Renewables generated more electricity than brown coal over summer but black coal still the top fuel

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Renewable energy sources generated more power than brown coal between December 2017 and February 2018, with a total of just under 10,000 Gigawatt Hours.

A report by Green Energy Markets found that during the period under review, renewable energy sources generated 9,880 GWh while brown coal generated about 9,100 GWh.

Renewables also outperformed gas generators by 40%, with the latter generating about 6,000 GWh of power. Diesel came in lowest with a negligible 42GWh.

Brown coal generated 9,100 GWh during period under review

Source: Green Energy Markets

Black coal is still top of the energy generation list, but no figures were listed by Green Energy Markets.

Green Energy Markets drew on data published by AEMO which states that black coal has a generation capacity of 22,000 GWh, which is expected to drop by 16,000 GWh by the year 2050 if the retirement of coal fleets go ahead as planned.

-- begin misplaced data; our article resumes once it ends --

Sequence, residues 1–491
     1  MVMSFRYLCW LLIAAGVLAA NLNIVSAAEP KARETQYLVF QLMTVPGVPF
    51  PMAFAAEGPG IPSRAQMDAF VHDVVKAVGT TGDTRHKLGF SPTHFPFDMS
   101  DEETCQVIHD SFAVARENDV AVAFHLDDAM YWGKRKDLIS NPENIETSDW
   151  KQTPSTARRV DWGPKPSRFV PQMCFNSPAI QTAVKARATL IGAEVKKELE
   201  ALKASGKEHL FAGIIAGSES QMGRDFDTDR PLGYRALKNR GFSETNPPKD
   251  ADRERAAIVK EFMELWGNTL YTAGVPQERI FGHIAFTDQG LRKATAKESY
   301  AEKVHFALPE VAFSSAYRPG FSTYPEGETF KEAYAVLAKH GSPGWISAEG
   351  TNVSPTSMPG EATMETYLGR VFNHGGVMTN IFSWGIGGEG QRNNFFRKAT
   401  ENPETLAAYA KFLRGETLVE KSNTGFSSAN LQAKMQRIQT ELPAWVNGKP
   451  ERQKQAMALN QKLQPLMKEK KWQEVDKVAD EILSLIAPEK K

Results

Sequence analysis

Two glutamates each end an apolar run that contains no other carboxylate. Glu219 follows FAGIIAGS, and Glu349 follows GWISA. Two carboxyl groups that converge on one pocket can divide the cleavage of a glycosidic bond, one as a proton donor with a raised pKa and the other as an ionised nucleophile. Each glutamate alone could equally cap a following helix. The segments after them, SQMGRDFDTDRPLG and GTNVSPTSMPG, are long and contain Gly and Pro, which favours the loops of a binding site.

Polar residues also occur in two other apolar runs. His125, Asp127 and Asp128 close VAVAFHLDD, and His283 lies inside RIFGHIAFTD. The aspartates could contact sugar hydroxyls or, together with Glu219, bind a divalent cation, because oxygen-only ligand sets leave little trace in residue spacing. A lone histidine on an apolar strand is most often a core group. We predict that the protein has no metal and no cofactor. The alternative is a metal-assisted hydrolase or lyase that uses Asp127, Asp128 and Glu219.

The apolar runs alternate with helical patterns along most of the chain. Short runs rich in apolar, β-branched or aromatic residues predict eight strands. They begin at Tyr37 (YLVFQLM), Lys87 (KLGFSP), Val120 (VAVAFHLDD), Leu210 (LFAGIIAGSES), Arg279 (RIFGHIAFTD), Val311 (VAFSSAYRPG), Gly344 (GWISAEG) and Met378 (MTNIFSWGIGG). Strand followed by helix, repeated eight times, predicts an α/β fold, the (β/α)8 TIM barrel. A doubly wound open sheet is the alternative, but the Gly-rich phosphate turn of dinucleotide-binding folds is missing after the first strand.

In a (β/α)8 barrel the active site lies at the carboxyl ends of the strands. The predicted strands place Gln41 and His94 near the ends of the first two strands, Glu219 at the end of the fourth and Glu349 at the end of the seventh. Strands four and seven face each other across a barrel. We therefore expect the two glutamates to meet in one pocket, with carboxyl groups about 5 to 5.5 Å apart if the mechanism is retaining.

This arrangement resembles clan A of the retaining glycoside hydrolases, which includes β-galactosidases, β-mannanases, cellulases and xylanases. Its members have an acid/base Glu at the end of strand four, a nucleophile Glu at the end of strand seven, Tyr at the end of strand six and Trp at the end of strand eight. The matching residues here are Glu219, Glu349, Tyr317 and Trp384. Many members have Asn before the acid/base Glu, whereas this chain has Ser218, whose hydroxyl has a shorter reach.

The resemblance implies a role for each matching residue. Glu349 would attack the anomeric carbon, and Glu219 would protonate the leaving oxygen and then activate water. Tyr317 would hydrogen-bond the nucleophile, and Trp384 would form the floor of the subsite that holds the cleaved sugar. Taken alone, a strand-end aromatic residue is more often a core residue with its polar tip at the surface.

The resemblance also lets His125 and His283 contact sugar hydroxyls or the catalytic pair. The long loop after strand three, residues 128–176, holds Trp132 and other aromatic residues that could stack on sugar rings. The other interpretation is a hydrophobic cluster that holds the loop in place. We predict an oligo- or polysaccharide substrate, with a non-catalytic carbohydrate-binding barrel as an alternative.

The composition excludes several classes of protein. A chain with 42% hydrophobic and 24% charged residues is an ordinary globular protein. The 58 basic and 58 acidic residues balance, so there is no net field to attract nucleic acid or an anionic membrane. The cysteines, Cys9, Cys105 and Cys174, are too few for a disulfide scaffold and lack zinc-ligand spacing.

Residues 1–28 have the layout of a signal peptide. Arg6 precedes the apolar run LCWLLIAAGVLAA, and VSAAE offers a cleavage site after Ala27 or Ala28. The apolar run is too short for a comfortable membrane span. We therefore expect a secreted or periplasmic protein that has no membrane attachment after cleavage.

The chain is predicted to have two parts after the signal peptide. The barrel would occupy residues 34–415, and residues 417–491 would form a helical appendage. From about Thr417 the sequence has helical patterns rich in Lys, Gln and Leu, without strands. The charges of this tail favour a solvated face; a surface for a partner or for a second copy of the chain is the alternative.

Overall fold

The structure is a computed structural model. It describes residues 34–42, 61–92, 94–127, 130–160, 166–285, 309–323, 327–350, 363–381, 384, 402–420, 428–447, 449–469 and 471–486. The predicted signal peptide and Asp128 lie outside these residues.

In February, 17% of all electricity on the National Energy Maret was generated by renewable sources.

The report, commissioned by GetUp, found that renewable sources of energy were generated particularly large amounts of electricity when it was most needed.

Renewables beat brown coal by 32% during peak demand

Renewable sources of energy produced 32% more than brown coal during summer between 11 am and 7 pm, a time of peak demand.

The report also extrapolated data that showed solar in particular exceeded the maximum output of mothballed Hazelwood power station over the prior summer by between 48% (at 4-5pm) up to 162% (at 12pm-1pm).

Solar, in particular, was working to support the system, on average producing more than Hazelwood was capable of producing between 9 am and 5 pm.

A further 5,000 megawatts of large-scale renewables projects were under construction in February, supporting 17,445 jobs.

February rooftop solar installs close to all-time monthly record

Rooftop solar PV installations also continue to keep up a good pace with February’s 117 megawatts and 17,252 of installed systems for the month closely in line with November’s all-time record.  

These systems supported 5,674 full-time jobs in installation and can be expected to deliver $208m in electricity bill savings over the next ten years, while producing an amount of power equal to the electricity consumption of 33,826 households.

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